This is the first part in a little series, which I expect to run to 5 parts, about my experience with doing a “white seamless background” look, with mostly DIY parts; and weaving in the use of tethering software. Read more...
Part one will discuss why I’m writing this, why you should read it, and why you might want to do it anyway.
Part two will be how I set up the physical environment with totally inadequate space and inappropriate materials; a too small room, off-white crumpled fabric, not quite white wooden boards and at least one bamboo lightstand.
I thought it was well past time that I did some more explanation of how to use the new features in DIYPhotobits.com Camera Control 2.1.
Turns out my video skills need a bit of work though as I ended up putting together a 10 minute video, the YouTube limit, and only covered half the features. Still, I hope this is helpful both to see what sort of thing the script is useful for — in this case I’m covering self-portrait balancing flash vs ambient ala Strobist.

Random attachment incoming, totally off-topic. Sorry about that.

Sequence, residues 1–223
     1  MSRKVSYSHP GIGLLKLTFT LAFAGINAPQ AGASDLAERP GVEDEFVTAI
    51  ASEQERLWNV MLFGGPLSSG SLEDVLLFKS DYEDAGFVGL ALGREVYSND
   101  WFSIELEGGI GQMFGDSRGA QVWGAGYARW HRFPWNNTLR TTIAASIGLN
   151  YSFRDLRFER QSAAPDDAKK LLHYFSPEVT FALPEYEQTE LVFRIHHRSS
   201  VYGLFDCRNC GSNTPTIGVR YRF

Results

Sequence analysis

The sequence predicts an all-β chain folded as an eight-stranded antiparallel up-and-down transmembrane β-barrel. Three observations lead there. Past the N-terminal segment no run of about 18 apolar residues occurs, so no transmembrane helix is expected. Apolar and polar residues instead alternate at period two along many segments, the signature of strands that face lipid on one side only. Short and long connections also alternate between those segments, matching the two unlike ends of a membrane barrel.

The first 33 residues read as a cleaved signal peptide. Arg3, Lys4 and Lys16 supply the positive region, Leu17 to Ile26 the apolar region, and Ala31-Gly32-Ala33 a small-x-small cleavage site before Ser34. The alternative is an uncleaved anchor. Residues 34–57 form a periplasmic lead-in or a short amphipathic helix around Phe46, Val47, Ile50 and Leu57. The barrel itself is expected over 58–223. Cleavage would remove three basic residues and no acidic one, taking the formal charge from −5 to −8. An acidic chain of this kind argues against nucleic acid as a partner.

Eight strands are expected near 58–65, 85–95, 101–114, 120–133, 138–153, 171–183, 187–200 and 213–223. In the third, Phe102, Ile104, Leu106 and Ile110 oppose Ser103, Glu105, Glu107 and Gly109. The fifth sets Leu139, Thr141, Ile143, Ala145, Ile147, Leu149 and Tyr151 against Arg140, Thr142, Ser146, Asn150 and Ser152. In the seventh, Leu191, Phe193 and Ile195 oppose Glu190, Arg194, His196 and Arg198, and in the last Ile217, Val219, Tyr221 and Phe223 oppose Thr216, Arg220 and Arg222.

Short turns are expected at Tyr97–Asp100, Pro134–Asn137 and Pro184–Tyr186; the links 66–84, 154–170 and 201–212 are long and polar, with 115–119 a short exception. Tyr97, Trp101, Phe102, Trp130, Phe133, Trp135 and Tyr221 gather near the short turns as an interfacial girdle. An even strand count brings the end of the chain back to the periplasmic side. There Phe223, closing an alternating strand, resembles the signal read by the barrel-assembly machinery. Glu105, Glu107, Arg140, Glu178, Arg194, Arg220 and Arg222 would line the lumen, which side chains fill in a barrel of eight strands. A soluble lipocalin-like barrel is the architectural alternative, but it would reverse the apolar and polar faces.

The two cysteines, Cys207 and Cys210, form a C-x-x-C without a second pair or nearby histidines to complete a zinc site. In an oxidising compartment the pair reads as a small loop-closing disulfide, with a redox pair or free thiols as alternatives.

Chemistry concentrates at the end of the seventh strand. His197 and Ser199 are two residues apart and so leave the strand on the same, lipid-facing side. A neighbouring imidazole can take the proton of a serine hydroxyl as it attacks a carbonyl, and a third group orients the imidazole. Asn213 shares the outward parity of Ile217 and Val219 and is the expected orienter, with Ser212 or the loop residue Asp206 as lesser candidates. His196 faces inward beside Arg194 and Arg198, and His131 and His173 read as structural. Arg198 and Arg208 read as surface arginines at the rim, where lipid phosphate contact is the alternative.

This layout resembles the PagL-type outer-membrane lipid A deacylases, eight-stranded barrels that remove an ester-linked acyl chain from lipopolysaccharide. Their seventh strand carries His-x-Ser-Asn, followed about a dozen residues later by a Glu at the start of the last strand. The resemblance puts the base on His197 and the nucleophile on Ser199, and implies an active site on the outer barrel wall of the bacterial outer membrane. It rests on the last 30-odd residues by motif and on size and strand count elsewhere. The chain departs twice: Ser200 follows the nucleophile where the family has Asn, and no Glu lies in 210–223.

(Click through and view the high quality version if you want to read the text!) Read more...
I was checking out Profotolife’s list of cheapo photo gifts and one of the suggestions was a set of grey cards, and that reminded me I always wanted to do a print my own grey card. Now a grey card, like the “real” Kodak Gray Card 18% R-27 or the cheapie Mennon ones I use, are actuallypainted pieces of card that are of exactly neutral grey (18% aka Zone 5) and are used for two purposes:
If you follow any of the smalllightshooters or “strobism” in general as I do then you’ll have come across the “Justin Clamp” quite a few times in passing. If not, then lets just say it is an ugly beast that provides several useful ways to attach something to something else — typically a hotshoe flash to a pole, shelf, tripod leg or probably someone’s nose if they stay still long enough.
Why a bamboo light stand? Well if you are a reader of Strobist
then you know that lightstands are very handy — if not read here first. Of course a factory built one is simple and probably the best option
, but it isn’t exactly cheap. Particularly if you want more than one — and you will, you’ll want several. There’s your main light, then fill, then hair and rim lights, and what about some reflectors and… you get the picture. Just try not to over-do the whole speedlight thing, heh?